Ballot counting system 60 includes processor 62, display 64, and reader 66. Ballot counting system 60 may additionally include an image scanner. Ballot counting system 60 may be located at state-sanctioned facilities, such as a county election commission office.
Processor 62 executes ballot database software 68. Ballot database software 68 stores identifying information for ballots 40 and counts ballots 40. Ballot database software 68 may also store images of individual ballots 40 obtained by scanning ballots 40 by image scanner 70 for later visual verification.
Display 64 displays identifying information and counted results.
Reader 66 reads machine-readable information 46 on ballot 40 and receipt 42. If there were a need for a recount of ballots 40 collected from the polls, reader 66 would read machine-readable information 46 on ballots 40.
Voters 52 who wanted to make sure that their votes were properly tabulated and counted could return to a designated location where ballot counting system 60 was located, and have their receipts 42 read by reader 66. Ballot database software 68 would then display similar types of verifying information as voting software 30. For example, ballot database software 68 may display an image of a ballot 40 that was associated with voter 52 for inspection by voter 52.
If irregularities were found, information on receipt 42 about the time, location, and machine used for voting could help track down the sources of the problems. Printing human-readable information 44 on ballots 40 provides additional safeguards against over-voting, since over-voting would likely occur at times when polls are closed and poll watchers and election judges are not present. The time-stamp on improper ballot would indicate that the ballot was cast at an invalid time.
Turning now to
In step 82, voting software 30 applies human-readable information 44 and machine-readable information 46 to ballot 40.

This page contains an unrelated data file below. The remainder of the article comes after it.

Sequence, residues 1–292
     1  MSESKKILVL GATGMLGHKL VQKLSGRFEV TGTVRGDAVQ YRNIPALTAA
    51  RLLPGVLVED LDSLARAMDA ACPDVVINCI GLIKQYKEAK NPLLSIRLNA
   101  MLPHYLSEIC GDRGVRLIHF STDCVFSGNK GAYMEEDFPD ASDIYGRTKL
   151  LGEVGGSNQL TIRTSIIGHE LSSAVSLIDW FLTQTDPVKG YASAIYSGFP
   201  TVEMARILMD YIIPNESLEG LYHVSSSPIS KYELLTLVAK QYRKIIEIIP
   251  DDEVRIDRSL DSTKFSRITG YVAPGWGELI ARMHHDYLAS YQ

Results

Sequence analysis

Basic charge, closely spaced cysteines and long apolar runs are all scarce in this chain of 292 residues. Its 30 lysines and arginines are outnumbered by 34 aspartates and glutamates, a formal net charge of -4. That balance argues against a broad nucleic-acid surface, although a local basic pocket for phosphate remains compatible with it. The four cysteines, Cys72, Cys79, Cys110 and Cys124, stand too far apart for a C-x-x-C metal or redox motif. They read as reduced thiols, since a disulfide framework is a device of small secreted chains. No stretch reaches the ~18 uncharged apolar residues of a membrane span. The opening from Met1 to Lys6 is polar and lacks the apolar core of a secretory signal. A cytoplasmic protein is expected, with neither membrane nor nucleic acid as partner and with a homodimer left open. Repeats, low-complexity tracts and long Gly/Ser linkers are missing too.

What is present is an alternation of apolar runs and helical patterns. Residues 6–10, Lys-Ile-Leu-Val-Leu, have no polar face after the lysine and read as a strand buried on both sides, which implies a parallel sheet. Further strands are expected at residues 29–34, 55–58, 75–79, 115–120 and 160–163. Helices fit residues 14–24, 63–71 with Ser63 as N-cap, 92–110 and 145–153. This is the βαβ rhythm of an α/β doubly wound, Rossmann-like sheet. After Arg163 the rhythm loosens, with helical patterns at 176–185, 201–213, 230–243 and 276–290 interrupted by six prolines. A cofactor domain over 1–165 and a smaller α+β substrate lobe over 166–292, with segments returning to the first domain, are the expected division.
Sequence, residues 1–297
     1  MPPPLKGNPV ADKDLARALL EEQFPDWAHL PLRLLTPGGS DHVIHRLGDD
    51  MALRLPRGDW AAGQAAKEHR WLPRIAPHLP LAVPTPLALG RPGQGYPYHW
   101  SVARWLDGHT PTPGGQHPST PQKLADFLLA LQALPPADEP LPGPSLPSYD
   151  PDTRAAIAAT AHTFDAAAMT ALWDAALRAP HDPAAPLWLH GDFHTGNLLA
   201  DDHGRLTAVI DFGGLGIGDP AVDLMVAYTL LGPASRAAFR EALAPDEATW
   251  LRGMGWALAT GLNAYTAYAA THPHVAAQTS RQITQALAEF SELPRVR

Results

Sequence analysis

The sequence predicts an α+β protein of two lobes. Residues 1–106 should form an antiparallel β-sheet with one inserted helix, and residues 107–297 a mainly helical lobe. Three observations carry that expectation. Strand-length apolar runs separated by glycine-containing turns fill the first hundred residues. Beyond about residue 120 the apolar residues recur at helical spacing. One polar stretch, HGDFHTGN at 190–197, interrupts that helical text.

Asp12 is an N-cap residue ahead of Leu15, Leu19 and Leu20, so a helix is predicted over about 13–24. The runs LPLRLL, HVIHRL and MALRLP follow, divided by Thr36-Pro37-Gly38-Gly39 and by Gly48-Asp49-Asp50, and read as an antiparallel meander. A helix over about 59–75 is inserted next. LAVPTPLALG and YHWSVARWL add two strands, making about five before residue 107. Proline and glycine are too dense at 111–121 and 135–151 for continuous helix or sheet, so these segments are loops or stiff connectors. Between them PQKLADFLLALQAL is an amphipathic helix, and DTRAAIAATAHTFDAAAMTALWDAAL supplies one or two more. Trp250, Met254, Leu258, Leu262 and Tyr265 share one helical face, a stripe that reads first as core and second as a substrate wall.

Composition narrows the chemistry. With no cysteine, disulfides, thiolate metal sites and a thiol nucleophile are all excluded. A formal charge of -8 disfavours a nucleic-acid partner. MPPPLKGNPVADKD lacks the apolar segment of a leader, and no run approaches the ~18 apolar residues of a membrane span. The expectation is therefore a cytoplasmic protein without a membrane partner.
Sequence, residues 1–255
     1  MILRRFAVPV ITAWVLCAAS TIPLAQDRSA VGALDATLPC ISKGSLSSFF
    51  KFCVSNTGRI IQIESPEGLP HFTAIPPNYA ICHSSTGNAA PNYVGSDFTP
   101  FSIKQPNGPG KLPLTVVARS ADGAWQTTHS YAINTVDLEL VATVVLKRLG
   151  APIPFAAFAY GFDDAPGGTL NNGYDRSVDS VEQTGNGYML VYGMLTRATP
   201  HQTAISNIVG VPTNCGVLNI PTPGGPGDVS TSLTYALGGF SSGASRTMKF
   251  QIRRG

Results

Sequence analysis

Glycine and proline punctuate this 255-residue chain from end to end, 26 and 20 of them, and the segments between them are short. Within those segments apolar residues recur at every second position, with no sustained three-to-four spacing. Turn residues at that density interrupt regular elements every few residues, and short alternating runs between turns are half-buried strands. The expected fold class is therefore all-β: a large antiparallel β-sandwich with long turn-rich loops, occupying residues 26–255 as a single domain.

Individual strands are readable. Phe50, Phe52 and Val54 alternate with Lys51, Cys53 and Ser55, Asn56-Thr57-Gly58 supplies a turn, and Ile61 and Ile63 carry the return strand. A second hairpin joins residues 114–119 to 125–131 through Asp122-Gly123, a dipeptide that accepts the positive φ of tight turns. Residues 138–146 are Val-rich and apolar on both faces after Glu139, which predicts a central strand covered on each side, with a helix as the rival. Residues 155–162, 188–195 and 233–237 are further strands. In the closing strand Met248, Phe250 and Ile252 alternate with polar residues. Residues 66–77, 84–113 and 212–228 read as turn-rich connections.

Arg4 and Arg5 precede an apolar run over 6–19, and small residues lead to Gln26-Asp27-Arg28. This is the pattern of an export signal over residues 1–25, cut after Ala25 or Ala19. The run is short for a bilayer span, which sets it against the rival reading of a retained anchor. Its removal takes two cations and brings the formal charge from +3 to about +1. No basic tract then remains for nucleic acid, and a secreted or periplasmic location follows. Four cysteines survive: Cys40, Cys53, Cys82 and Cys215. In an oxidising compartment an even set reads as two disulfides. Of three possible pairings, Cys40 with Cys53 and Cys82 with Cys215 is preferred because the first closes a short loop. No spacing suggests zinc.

In step 84, voting software 30 produces receipt 42 following completion of voting and applies human-readable information 44 and machine-readable information 46.
In step 86, voting software 30 provides voter 52 an opportunity to verify that his vote was processed before ballot 40 is deposited into secure collection bin 50. If voter 52 chooses to verify, operation proceeds to step 88. Otherwise, operation proceeds to END 98.
In step 88, voting software 30 reads machine-readable information 46 on receipt 42 presented to reader 22 by voter 52.
In step 90, voting software 30 obtains identifying information from ballot database software 68.
In step 92, voting software 30 displays the identifying information from ballot database software 68 on display 16. Voter 52 may compare the displayed identifying information to human-readable information on receipt 42.
In step 94, operation ends.
Ballot database software 68 may allow voter 52 to complete a similar verification process. Additionally, ballot database software 68 may display an image of a ballot 40 that was associated with voter 52 for inspection by voter 52.
Although particular reference has been made to certain embodiments, variations and modifications are also envisioned within the spirit and scope of the following claims.
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|U.S. Classification||235/386, 705/12|
|International Classification||G06K17/00, G06F11/00|
|28 Oct 2005||AS||Assignment|
Owner name: NCR CORPORATION, OHIO
Free format text: ASSIGNMENT OF ASSIGNORS INTEREST;ASSIGNORS:JAMISON, CLAY R.;HOLZMAN, THOMAS G.;REEL/FRAME:017166/0580;SIGNING DATES FROM 20051017 TO 20051018
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Year of fee payment: 4
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Owner name: JPMORGAN CHASE BANK, N.A., AS ADMINISTRATIVE AGENT
Free format text: SECURITY AGREEMENT;ASSIGNORS:NCR CORPORATION;NCR INTERNATIONAL, INC.;REEL/FRAME:032034/0010
Effective date: 20140106
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|18 Apr 2016||AS||Assignment|
Owner name: JPMORGAN CHASE BANK, N.A., ILLINOIS